Dr. Oliver Lawrence
Technology and Education Social Justice Series
Black in a White World
Community Organizing – Organizations
Educator-Technologist: The key to merging learning and technology
Five Orientations of Peace
Flash 2D Animation
Internet 101: An introduction to web surfing (Online Learning)
Language Revitalization using Technology
Stories from South Africa Vol. 1
Meeting Diversity, Seeking Commonality: International students in America
Multiculturalism and Non-Racialism: Comparing anti-racist programs
Poverty: A Personal Perspective
Stories from South Africa Vol. 2
Why bullying persists
Story as Case Study
Tapping Natural Learning Systems
Technology for Committees:
The Global Internet Video Classroom (GIVC): A technology supported education model for international learning.
The Mediation Play
The Learning Organization
Ubuntu, Truth and Reconciliation
Five orientations of Peace
Peace is elusive. Many strive to achieve peace. Five orientations or strategies to achieve peace are highlighted to provide every peace-maker a choice that fits his or her preferences and levels of commitment. Peace is widely envisioned as a state of absence of hostilities between nations. Many countries trade and have exchanges that are mutually beneficial. Treaties or mutual understandings allow for resolution of disputes. Martin Luther King gave a Nobel Prize Acceptance Speech on December 10, 1964 in Oslo, Norway. He accepted the Nobel Prize for Peace while millions of people were engaged in a creative battle torect empowerment so that you will be prepared and ready when the need to take meaningful action arises.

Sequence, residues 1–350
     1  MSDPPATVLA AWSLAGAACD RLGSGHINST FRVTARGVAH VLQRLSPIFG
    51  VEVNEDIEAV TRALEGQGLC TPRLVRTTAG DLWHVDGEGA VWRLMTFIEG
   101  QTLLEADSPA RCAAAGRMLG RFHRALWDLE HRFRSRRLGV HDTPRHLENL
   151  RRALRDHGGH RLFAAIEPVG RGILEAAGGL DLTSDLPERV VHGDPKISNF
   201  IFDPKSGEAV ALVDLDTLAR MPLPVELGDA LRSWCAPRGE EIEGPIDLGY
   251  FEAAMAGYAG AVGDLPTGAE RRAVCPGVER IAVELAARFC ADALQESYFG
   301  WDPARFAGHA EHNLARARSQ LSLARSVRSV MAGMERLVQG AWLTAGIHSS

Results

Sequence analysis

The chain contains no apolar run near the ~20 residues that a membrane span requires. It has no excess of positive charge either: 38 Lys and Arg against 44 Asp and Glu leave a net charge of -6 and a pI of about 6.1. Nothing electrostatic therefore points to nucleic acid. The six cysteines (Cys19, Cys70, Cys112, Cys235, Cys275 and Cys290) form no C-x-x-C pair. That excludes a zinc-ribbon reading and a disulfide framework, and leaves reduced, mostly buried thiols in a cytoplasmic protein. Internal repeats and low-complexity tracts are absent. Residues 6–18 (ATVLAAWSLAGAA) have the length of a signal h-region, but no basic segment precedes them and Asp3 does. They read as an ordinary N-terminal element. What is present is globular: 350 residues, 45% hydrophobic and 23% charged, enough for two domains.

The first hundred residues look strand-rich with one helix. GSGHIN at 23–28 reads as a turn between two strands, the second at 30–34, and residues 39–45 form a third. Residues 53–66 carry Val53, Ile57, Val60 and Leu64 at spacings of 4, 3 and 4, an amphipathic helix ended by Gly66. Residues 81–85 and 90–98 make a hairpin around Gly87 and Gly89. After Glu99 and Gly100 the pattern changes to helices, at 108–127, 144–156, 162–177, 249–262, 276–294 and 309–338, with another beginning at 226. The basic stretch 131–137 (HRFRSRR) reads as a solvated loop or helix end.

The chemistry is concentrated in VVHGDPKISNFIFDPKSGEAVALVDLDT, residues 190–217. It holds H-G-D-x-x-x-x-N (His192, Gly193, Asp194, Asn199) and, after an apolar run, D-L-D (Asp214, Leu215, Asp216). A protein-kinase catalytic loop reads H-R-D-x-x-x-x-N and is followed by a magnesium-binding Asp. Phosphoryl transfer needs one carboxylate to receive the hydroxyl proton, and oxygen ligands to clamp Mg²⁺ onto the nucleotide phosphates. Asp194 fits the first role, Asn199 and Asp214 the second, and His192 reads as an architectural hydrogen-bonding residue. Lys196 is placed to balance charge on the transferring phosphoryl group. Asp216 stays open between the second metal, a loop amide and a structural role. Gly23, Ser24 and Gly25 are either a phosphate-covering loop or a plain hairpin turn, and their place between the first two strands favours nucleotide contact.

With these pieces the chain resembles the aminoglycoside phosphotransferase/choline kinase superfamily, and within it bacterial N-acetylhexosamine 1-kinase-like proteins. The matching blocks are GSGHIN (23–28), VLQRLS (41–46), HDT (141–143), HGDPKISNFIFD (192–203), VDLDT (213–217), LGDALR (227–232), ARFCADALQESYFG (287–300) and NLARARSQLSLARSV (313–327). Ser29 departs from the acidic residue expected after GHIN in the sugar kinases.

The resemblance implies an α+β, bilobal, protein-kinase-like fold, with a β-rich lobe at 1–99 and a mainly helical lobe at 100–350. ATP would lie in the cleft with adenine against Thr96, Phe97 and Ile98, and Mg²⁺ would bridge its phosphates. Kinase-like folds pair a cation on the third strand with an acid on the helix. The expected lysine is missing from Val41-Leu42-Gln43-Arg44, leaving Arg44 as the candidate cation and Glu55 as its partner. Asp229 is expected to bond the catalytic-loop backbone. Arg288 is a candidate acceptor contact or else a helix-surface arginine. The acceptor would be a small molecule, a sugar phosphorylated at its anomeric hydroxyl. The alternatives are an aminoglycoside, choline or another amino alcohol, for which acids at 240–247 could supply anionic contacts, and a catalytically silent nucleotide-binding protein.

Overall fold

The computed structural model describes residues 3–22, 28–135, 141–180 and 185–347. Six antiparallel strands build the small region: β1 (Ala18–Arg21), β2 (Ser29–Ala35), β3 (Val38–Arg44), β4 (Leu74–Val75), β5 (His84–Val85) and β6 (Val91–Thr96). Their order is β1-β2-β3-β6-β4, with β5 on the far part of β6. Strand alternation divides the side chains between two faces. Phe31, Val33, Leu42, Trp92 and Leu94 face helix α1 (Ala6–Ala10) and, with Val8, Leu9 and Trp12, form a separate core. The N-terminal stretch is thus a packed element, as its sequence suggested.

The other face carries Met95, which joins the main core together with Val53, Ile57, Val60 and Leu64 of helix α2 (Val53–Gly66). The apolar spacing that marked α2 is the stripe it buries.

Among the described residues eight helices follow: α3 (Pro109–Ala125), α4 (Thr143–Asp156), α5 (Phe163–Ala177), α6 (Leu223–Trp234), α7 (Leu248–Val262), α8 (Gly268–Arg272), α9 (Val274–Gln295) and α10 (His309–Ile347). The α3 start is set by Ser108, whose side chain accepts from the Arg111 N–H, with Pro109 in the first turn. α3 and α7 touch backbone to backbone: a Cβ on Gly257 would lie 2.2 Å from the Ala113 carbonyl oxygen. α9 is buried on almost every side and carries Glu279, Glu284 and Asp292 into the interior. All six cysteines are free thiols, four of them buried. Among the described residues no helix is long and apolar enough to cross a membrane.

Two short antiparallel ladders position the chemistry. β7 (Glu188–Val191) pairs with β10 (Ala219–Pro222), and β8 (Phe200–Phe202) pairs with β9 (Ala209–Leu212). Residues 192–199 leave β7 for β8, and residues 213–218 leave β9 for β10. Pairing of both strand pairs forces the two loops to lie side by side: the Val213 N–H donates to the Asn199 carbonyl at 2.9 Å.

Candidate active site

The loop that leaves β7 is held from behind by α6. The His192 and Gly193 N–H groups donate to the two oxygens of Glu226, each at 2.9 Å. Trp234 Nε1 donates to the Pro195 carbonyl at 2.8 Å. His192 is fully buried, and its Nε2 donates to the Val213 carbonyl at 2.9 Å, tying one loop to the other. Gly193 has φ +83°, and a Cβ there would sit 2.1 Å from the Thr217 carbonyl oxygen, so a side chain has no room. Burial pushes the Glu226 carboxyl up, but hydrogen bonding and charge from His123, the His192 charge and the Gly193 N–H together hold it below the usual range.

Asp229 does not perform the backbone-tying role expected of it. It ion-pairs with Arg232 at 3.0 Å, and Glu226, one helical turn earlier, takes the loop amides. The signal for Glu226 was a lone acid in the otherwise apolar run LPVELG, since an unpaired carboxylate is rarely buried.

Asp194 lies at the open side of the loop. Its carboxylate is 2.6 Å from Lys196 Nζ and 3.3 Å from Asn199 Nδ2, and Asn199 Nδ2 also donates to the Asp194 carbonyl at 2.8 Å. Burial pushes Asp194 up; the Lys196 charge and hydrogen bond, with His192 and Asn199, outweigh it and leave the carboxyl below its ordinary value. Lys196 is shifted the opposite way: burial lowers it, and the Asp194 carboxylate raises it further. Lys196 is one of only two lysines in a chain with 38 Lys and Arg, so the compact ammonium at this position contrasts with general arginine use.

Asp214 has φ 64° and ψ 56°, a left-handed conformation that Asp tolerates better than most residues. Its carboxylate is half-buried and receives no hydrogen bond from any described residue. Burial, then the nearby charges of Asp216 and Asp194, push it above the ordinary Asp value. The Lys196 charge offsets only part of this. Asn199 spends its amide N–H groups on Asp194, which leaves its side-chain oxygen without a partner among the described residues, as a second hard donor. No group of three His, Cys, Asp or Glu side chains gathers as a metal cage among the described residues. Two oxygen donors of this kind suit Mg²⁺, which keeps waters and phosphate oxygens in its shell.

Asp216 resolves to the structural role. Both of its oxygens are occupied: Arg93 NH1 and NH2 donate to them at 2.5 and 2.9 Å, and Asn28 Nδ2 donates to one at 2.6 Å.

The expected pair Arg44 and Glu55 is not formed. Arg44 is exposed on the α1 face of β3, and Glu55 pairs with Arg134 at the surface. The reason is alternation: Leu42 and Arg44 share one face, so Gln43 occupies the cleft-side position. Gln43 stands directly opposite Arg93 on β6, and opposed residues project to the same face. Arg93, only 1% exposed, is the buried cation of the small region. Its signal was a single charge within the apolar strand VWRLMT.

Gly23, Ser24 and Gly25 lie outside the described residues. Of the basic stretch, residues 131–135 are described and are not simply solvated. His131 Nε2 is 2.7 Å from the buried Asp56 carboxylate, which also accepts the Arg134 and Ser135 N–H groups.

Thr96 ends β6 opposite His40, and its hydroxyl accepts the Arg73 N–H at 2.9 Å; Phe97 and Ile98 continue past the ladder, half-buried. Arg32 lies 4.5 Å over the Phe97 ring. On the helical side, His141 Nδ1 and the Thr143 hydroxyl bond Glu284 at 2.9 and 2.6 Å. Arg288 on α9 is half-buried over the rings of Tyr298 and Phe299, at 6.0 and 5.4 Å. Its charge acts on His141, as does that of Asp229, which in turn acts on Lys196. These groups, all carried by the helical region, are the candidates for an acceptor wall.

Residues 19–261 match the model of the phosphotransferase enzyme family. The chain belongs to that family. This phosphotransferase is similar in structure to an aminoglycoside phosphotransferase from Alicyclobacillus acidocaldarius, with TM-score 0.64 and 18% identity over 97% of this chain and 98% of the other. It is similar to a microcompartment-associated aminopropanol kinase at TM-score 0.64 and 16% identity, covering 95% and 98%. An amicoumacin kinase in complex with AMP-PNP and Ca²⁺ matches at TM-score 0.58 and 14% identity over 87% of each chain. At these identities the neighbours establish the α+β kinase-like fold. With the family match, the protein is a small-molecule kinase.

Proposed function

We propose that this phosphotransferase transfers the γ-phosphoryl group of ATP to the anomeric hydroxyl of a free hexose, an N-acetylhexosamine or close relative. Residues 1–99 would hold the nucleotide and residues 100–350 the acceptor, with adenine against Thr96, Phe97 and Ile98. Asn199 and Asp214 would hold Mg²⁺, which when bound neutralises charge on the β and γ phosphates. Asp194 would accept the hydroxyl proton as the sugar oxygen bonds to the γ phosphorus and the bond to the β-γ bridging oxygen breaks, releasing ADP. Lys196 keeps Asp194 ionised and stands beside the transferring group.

A universal concept of peace of a practical nature is yet to exist. There are concepts of peace, but there are serious misgivings on the realization of the concept of peace in the real world. This book is an effort to bring together the information available on peace programs in a way that can illustrate the successful criteria for achieving positive movement towards a world of peace. According to Supreme Court Justice Louis Brandeis, most of the things worth doing in the world were declared impossible before they were done (Barnaby, 1988). This paper will chronicle an historical continuum of efforts towards peace. The concepts and strategies are based on our understanding that has been forged by our history.
Peace is serenity and calmness. The root is from the Latin pac or pax; akin to Latin pacisci to agree, which includes the concept of a pact. The Roman system of peace was firmly rooted in Roman law, in creating pacts of understanding and agreements. Peace is a state of tranquility or quiet, freedom from civil disturbance, a state of security or order within a community provided for by law or custom, freedom from disquieting or oppressive thoughts or emotions, harmony in personal relations, a state or period of mutual concord between governments, and a pact or agreement to end hostilities among those who have been at war or in a state of enmity (Merriam-Webster, 2003). There are a number of words that describe peace. From each definition emanates a number of concepts that are inherited from the derivative source. Shalom is a concept of peace inherited from the Jewish tradition. The peace of shalom is concerned about the physical well-being of a person. Shalom, the Hebrew word for peace, has three shades of meaning. First, it can refer to a material and physical state of affairs, this being its most frequent usage. It can also refer to relationships, the closest meaning to the English word 'peace.' Finally, it also has a moral sense, which is its least frequent meaning (Yoder, 1987:11).
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